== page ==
'Iron Smelting Seminar at Thy'

DENMARK : April 29 - May 5, 2008
An Overview

An overview of the Symposium site at the Heltborg Museum
Above as individual images - below as a single panorama.
Images taken looking roughly east through west.

I was invited to attend this international gathering of experimenters working with various types of Northern European early iron smelters. Teams were present from England, the Netherlands, Sweden, Norway, several from Denmark, with myself from North America. There were a total of seven working teams, most of which fired at least twice over the six days. The stress was on historic furnaces and process, ranging from Early Iron Age through to Viking Age types. After a long day either smelting or in preparation, the evenings held presentations from participants or visiting archaeologists.

The Heltborg Museum is primarily a collection of Danish paintings and drawings. Attached to it is Iron Age reconstruction which is used for educational programs. The site is about 2/3 the way up the Jutland, to the west side. The large open space between the collection building and the grouping of Iron Age structures was the ground for the iron smelting activities. (The images above were taken early on Wednesday morning.)

This overview is laid out as a 'day by day' visual record of the main events. (Note that I have made my best attempt to keep the action straight and attributed to the correct individuals - sorry for any errors.)


The first day of the symposium had each team organize their work areas and start smelter construction as they arrived.

Michael Nissen of the Ribe Viking Centre worked with an 'Espevej' type furnace. This is a short shaft, 'slag room', set up with a front plate.

The first working day had light rain for a good part of it. Anyone involved in furnace construction pretty much got covered in clay.

There was a good supply of ores on hand. This all had to be roasted, which became an ongoing process over the entire symposium. This shows the rich 'Guldager' ore gathered by Michael Nissen. There was a huge amount of a local Heltborg ore available as well, but this proved to contain a lot of sand. Jake Keen, working with his friend Michael, understood an extremely ambitious project. They constructed a quite large passive draw, wood fired furnace. This was an Iron Age slag pit type that Jake had never worked with before.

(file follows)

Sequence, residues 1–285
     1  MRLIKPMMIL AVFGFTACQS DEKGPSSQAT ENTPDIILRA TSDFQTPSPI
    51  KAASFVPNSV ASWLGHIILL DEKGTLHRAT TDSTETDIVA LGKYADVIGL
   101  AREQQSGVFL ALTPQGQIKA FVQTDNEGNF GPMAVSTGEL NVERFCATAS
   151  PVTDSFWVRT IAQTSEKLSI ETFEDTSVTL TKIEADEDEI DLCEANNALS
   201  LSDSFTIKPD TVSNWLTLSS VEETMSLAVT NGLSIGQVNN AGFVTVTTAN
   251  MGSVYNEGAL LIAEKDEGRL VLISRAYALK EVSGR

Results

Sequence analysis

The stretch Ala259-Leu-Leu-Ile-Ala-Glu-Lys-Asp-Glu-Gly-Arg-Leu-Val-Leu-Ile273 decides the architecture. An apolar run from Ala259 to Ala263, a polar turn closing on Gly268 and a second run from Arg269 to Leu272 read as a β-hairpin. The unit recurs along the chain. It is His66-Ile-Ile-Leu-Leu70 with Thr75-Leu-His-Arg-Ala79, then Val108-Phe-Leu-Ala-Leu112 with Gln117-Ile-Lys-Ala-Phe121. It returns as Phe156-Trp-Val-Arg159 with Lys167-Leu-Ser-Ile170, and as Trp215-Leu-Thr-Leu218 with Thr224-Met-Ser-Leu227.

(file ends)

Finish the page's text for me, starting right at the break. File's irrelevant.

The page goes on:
I started working with Arne Espelund on a first test of a new theoretical version of the historic iron smelting process. This involved linking two individual furnace runs.

An older furnace constructed by host Jens Olesen was set up for the first part of the process.


Smelts were undertaken by the teams: Tranamo / Nissen / Espelund

The Tranamo Group from Sweden showed their experience with public demonstration smelts. They were highly organized, and prepared and smelted almost every day of the symposium.

The ore they brought from Sweden was a rich powdery yellow ochre that consistently gave good blooms.

Ole Neilsen and his assistant started working on a variation of the 'Evenstad' furnace. This was a wide but short shaft that fired wood. Note the wide earth packing supporting the furnace. Jake and Michael kept at the construction of their huge furnace. As work progressed, they had made a number of modifications as ideas occurred to them.

The Esplund experiment undertook the first firing stage. The intent was to produce a quantity of high iron content slag, but not any actual iron. The furnace was ran extra rich (more ore than fuel).

Arne would extract samples for latter testing after the furnace cooled.

Furnace Layout
Experiment Sequence


Smelts were undertaken by the teams: Tranamo / Neilsen

The day started pretty foul, with wind and rain. We spent the morning visiting a nearby archaeological excavation. The site was an Iron Age house complex (one of the most complex structures found to date). Related to the occupation was a burial mound, it is hoped with an untouched grave chamber (still to be opened).

Jens Olesen finished work on his smelter. This was a tall stack, intended to be wood fired and use passive air.